Top left: Neil guides the final load of cider apples to their silo home. Top right: Thumbs up lads, Neil & Dave-the-Lift Bottom: The fruit of last year’s labours, our 2015 range of bottled ciders, available from the website

New pricing – real cider for less than before
The cuts are hitting us here at Worley’s Cider, but in a good way! We’ve cut the cost of our 50cl bottles, taking £3 off a case when you buy from the website. That makes each bottle £2.50, so £30 for a case of 12 and cracking good value for a premium craft cider. There’s a delivery cost of £8.50 but this will cover two cases and is delivered by courier under a Fragile service. Why not get a mixed case or two of Mendip Hills, Red Hen and Harvest Moon in for Christmas?

Also included in the two-case deal is the beautiful Special Reserve, and it’s brilliant value at just £5 a bottle. Refreshingly sparkly with a bright appley taste – this is our go-to cider over Christmas. We open the first bottle around midday on Christmas day and quaff it in champagne flutes. it’s a great alternative to champers and has that real celebration buzz about it.

Wine bods are always so descriptive about the flavour characteristics of their favourite drink, and recently our ciders have been getting a lot of interest from wine groups and wine tasters. The Special Reserve is always received really well among appreciators of wine, and it recently came top in a blind tasting at a local wine group. It beat keeved ciders that are nearly three times the price, and confirmed to us what we’ve always thought – that this is one of the finest keeved ciders on the market. Get plenty in folks.

Last shout – our 20-litre bag in box ciders are easy for us to send out and are always a splendid addition to any Christmas or New Year’s eve party. They last up to 3 months after opening so would ease you through the first part of 2016 if there’s any left.
What’s the worst that could happen?

Winter refreshment
That’s the sales pitch over, but we do love cider at Christmas. With all the rich food and the overindulgence, a cold glass of still or sparkling does the trick to cleanse the palate and refresh the taste buds. The acidity level in cider gives it the clean, crisp characteristics that make it the ideal summertime drink. The gentle acidity works in the same way over Christmas when the central heating’s too high and the fire’s roaring! And we don’t mind a bit if you want to fill your glass with ice. (Red Hen tastes really good over ice, but don’t tell the cider police we said so.)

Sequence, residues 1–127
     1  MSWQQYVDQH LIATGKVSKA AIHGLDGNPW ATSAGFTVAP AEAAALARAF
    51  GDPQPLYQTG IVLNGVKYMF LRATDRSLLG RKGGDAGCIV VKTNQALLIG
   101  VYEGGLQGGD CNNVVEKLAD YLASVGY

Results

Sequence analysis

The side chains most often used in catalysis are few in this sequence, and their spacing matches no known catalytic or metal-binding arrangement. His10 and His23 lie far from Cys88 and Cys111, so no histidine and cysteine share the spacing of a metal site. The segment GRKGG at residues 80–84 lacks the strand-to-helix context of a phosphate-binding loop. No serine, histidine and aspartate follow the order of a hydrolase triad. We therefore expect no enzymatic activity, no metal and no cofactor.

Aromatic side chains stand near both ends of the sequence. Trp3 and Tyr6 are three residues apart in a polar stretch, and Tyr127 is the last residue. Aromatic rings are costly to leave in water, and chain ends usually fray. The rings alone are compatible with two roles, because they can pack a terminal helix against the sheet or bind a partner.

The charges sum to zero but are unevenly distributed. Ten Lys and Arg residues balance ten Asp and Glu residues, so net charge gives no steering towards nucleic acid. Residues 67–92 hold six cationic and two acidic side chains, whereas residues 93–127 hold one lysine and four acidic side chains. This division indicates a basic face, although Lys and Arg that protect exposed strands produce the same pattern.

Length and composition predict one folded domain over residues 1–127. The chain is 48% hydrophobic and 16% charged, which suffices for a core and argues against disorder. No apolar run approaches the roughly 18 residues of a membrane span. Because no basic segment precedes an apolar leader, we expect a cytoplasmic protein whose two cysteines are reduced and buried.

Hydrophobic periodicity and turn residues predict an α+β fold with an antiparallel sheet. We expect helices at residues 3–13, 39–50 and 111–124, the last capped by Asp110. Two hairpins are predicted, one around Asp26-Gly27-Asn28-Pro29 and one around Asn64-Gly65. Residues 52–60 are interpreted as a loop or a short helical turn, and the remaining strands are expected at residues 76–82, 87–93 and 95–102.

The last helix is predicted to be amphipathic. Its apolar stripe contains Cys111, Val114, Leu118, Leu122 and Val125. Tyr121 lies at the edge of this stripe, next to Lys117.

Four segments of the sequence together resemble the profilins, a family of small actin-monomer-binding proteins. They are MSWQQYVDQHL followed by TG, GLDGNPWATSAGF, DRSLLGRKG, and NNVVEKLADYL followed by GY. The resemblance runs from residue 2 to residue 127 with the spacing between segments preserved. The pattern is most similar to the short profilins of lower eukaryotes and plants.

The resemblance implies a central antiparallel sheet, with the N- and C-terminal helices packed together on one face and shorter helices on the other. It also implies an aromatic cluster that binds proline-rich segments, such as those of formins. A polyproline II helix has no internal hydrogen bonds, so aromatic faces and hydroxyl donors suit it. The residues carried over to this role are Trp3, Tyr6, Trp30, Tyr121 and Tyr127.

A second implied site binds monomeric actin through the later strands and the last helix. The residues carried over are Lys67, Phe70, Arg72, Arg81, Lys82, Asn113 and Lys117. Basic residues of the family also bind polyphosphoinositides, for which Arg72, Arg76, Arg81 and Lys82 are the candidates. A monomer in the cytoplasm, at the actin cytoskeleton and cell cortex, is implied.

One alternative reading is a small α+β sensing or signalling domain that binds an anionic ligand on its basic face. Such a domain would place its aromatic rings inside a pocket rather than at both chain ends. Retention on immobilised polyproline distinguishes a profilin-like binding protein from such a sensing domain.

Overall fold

Roast pork with a drop of Red Hen in the gravy

Home-reared roast pork with fennel seeds and a drop of Red Hen in the gravy

We also cook with our ciders quite a lot. Adding a splash of cider when making the gravy lends a sweetness to the meat juices and introduces another dimension to a savoury sauce. Just a splash though, we use it as a flavouring rather than a stock. You can also include it in homemade apple sauce – again a splash when cooking the apples goes down well.
If you’ve got any leftover ham this Christmas, try making a bechamel sauce using half milk and half cider and mixing it with some cooked ham and a handful of parsley. Great in a pie.

Cider works well with pheasant too. We’ve tried plenty of recipes over the years including those from Delia and Hugh FW, but here’s one by Blanche Vaughan on the Guardian website that’s delicious. Serve with mash, and it’s surprisingly good with rice too.

Food pairings
Always tricky to recommend certain ciders with certain foods, because palates and expectations are so different. However, we sample our ciders regularly and try them with different foods, and we feel able to make a few recommendations. It’s official, ciders tastes great with rich meat dishes – roasts such as pork, chicken, turkey and goose. A cider like Mendip Hills or Red Hen will go down a treat with a Boxing Day curry (or indeed any curry – cider works really well with a decent curry); and something punchy and bold like Harvest Moon will wash down a mince pie or two just lovely.